Having just completed the fifth version of my current novel, a major overhaul that added some 15,000 words while cutting thousands, I thought I'd talk a bit about the process, and some of the lessons I think I've learned.
Remember that revisions are not the same as edits. To revise is to change the story (improving or correcting), while to edit is to prepare the work for publication, cleaning it up to fix grammar and spelling.
The Revision Process Scott Uses(TM)
1. Ignore your novel! That's right, set it aside for a month. I know that seems like forever; I know that having just finished a draft, especially the first draft, you're wanting to look over your handiwork and start polishing. Don't. Not yet. You need to leave it alone and forget as much as you can about the story. Why? You want to get some sort of critical distance, to be able to come back to it fresh, to have your next look at the novel be as much like that of a first-time reader as possible. Some people advise setting the book aside for a year while you write the first draft of your next book. Those people are likely insane, well-meaning as they may be. I don't have that sort of patience. So I suggest at least a month and no less.
It is perfectly acceptable to have other people read the book during this phase, but don't read their comments until you're ready to look at the book yourself.
2. Read it, don't revise it! I recommend actually printing the whole thing out, either as double-spaced ms or in any format you like. For early drafts of my book, I actually went through the trouble of having a copy printed up via lulu.com, bound like a real book, so I could read it on the bus or at work, like it was any other novel I'd picked up. The idea is to approach it purely as a reader, to get a feel for your work as a story, not as a project you're working on. So just try to read it and not fuss with it at all. However, I recommend you make notes as you go along. Keep track of:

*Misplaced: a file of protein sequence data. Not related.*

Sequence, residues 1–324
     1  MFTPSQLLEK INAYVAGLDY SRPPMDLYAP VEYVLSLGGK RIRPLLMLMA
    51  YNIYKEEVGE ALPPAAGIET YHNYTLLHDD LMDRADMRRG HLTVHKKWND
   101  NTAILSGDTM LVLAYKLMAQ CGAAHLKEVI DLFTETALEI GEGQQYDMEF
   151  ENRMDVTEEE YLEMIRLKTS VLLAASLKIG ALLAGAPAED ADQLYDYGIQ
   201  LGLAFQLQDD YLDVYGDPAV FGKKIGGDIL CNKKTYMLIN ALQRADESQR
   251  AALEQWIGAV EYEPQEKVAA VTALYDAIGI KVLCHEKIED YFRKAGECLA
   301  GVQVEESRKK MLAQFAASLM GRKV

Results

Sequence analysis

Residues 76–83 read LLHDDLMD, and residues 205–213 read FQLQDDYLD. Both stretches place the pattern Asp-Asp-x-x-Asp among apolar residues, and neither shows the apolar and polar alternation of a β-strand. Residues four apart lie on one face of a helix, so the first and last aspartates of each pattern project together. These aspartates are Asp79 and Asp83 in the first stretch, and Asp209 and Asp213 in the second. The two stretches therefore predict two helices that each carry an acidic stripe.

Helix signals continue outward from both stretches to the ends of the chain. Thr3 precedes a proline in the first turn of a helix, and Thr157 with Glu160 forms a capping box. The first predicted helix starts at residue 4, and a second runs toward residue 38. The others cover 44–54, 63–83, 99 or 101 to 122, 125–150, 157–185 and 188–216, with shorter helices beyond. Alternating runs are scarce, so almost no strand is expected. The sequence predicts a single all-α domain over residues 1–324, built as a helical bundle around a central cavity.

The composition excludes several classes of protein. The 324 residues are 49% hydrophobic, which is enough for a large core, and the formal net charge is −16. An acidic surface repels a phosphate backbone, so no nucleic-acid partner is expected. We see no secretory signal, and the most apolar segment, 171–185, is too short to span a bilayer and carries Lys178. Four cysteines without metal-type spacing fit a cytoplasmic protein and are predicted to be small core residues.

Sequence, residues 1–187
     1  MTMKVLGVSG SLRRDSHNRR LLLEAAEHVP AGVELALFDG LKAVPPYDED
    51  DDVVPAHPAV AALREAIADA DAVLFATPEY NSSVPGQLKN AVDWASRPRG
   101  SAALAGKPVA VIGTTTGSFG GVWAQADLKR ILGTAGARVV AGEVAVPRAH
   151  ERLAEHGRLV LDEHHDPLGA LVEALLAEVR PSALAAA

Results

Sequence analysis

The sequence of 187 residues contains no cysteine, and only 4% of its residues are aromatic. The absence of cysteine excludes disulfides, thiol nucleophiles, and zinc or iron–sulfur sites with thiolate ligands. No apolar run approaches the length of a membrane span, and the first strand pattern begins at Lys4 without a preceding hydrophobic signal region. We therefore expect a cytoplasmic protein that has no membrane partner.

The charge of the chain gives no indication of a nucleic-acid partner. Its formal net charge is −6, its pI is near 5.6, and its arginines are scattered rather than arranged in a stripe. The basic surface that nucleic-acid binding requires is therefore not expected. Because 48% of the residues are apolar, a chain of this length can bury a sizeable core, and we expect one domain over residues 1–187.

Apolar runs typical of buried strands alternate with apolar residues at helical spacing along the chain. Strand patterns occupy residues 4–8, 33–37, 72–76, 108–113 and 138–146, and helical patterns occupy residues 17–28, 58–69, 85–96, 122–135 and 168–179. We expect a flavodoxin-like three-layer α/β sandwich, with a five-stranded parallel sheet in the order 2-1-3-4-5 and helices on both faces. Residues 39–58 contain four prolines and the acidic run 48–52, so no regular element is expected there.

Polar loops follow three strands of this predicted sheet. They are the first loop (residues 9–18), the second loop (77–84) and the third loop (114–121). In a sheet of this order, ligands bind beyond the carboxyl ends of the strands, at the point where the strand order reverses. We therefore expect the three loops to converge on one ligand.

a) Things that you love
b) Things that you hate
c) Things that bore even you, the author
d) Things that make no sense
e) Things that are simply mistakes, like continuity errors
f) Whatever else strikes you as an issue
See if the story works. See if the plot works. See if your book holds your interest, getting you to turn the pages.
3. No line-editing! It's okay to fix spelling errors here and there, but revisions are the process of fixing the elements of the book, not the grammar. The first thing you want to deal with are the problems with plot, setting, character, pacing and theme. Sometimes those fixes will entail massive changes to your prose, and you waste time correcting grammatical mistakes in paragraphs you're going to delete later.
4. Fix one thing at a time! What's the worst problem your book has? Focus on that and make your repairs. Don't let yourself get lost in the revision process. Make a list, and refer to it. Look at the book as a whole, and take the long view of structure, texture, character and so on. Prioritize your layers of revision.
5. Keep moving! Don't get bogged down. Once you've fixed one problem, start over and fix the next one. Sometimes several problems and their solutions are intertwined and you'll have to work on multiple issues at the same time, but still you should concentrate on discrete tasks, and move on from one to the next.
6. Done? Time to read it again! The revision process, ironically enough, introduces errors while eliminating others. It's evil magic. But odds are, if you've made significant changes to plot or your prose, you'll have created orphaned sentences, accidentally deleted whole paragraphs you meant to keep, and renamed characters by mistake. This stuff happens. But now you get to do that line edit I wasn't allowing you to do earlier. I hate line edits. They make my eyes cross and my brain melt.
I would be very interested to hear if anyone else has a revisions method or formula they've had success with. (That's your cue to chime in.)